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Prosecutor: Longo killed because his family was a hindrance

Associated Press
Mar. 12, 2003 07:20 AM

NEWPORT, Ore. - The prosecution depicted accused family killer Christian Longo as a philandering man who wanted to rid himself of his wife and children because they were a hindrance to his lifestyle and expensive tastes.

It marked the first time the prosecution has offered a motive for the deaths of Longo's wife and children, whose bodies were found in two separate coastal inlets in December, 2001. Longo fled to Mexico after the slayings.

The Longo family moved to the Oregon coast after going broke in Michigan, and Longo worked at a Starbucks coffee counter. But he liked to drive flashy SUVs and considered himself an expert on wines, witnesses testified Tuesday in the second day of the aggravated murder trial.

Longo has admitted to killing his wife, 34-year-old MaryJane, and their daughter, 2-year-old Madison. But he has denied killing the two older children, 4-year-old Zachery and 3-year-old Sadie.

The trial for the deaths of Zachery and Sadie is expected to resume Wednesday at 9 a.m. in Lincoln County Circuit Court.

On Tuesday, the prosecution called witnesses to testify about two periods in Longo's life - 19 months before the murder when he told his wife he was having an affair, and after the murders when Longo was a fugitive partying on a Mexican beach with a German tourist.

"It's the state's theory that the defendant went to Mexico and slept with another woman and had fun. It's extremely relevant to our case. It's the defendant's motive for committing the murders," Steven Briggs, an assistant state attorney general, said in court.

Prosecutors say Longo killed his wife and three children on the night of Dec. 16, 2001 at a Newport condominium where they had been living. Longo fled to Mexico and was captured there on Jan. 13, 2002.

During a flight back to Oregon, Longo confessed the murders to FBI agent Daniel Clegg, saying he sent his family to "a better place," according to Clegg.

Before moving from the Midwest to Oregon, Longo was ousted from the Jehovah's Witnesses because of financial crimes he had committed, court documents show. Clegg said Longo told him he was upset his family could not attend church because he was on the run, and when asked what he meant by a "better place," Longo said life after death.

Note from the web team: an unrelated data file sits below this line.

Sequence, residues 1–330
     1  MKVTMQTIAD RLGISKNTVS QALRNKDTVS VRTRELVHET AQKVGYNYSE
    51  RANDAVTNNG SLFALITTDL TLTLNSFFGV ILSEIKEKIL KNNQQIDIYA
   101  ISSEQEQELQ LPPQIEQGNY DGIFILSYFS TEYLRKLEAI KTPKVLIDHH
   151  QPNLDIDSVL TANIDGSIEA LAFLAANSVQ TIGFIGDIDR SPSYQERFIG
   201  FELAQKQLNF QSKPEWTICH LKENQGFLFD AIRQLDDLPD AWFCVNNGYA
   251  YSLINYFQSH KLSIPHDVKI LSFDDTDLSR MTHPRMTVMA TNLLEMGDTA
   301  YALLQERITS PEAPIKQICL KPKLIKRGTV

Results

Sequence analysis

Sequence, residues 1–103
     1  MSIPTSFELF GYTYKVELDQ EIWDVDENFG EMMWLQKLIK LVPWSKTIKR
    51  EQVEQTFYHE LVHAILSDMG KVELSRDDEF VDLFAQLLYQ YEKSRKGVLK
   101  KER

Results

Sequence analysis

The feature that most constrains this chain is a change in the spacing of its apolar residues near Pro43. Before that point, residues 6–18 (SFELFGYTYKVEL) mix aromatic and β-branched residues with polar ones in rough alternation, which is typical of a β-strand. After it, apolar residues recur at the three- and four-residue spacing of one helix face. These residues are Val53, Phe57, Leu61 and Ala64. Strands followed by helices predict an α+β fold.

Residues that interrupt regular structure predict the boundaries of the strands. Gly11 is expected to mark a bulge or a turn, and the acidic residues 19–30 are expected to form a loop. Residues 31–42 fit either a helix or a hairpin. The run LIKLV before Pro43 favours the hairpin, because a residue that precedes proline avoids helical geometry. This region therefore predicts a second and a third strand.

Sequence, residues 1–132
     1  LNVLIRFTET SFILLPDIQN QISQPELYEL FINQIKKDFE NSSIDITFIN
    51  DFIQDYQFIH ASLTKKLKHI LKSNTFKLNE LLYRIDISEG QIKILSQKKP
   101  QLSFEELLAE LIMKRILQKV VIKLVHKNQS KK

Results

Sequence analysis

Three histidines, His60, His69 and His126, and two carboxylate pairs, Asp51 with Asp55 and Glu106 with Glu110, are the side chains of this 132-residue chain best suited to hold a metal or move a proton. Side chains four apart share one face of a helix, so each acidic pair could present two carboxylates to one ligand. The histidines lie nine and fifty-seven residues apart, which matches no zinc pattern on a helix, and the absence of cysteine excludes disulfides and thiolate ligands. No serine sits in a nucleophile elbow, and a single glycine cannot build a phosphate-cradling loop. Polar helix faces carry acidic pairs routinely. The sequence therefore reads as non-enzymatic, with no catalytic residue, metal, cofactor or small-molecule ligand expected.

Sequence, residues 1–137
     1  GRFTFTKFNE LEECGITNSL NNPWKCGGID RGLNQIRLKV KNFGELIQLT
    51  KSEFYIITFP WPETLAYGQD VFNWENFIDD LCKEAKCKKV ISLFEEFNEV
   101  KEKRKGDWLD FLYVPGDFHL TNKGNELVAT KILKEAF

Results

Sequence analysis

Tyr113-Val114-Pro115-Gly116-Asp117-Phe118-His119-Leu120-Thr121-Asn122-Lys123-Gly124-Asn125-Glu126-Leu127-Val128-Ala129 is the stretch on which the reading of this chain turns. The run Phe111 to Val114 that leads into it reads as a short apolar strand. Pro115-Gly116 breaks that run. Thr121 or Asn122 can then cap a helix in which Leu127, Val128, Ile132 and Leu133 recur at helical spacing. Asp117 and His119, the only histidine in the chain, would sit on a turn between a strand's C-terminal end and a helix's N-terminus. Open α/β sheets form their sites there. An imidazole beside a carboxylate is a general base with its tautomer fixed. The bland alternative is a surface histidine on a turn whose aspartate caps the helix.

Briggs contended that the explanations given by Longo to Clegg masked the true motive for the killings.

"What the defendant told agent Clegg is his excuse for the murder. We are not positing that as the motive," Briggs said.

Prosecutors asked Janine Davis, 34, an insurance company employee from Seattle who met Longo while on vacation in Mexico, to testify about Longo's drinking and philandering at a Mexican beach resort in early January.

Longo cuddled with a German girl to keep her warm in the back of a pickup truck on a morning ride to tour some Mayan ruins. The pair later walked together on the beach at sunset, Davis testified.

"He was very easy going, easy to talk to," but didn't want his picture taken, Davis said.

In other testimony, MaryJane Longo's sister, Sally Clark, suggested Longo had an affair back in Michigan in May, 2000, with a woman named Jessica.

At the end of her testimony, Briggs showed Clark pictures of the slain family. Clark broke down and cried when the pictures were placed in front of her.

Using a projector, prosecutors also showed a picture of the body of 4-year-old Zachery. Christian Longo didn't look at the image, choosing instead to stare straight ahead. Joy Longo, Christian's mother, left the courtroom.

 

 

 

 

 

Find this article at:
http://www.azcentral.com/news/articles/0312Longo12-ON.html

Wednesday, March 12, 2003, 12:00 a.m. Pacific

Permission to reprint or copy this article/photo must be obtained from The Seattle Times. Call 206-464-3113 or e-mail resale@seattletimes.com with your request.

Longo prosecutors offer motive

By Andrew Kramer
The Associated Press

NEWPORT, Ore. — Christian Longo murdered his wife and three children in December 2001 because he was tired of them and they were preventing him from living a wilder lifestyle, a prosecutor argued at Longo's trial yesterday.

It was the first time the prosecution has offered a motive for the deaths of Longo's wife and children, whose bodies were found in two separate coastal inlets.

Longo has pleaded guilty in the slayings of his wife, 34-year-old MaryJane, and their daughter, 2-year-old Madison. But he has denied killing the two older children, 4-year-old Zachery and 3-year-old Sadie.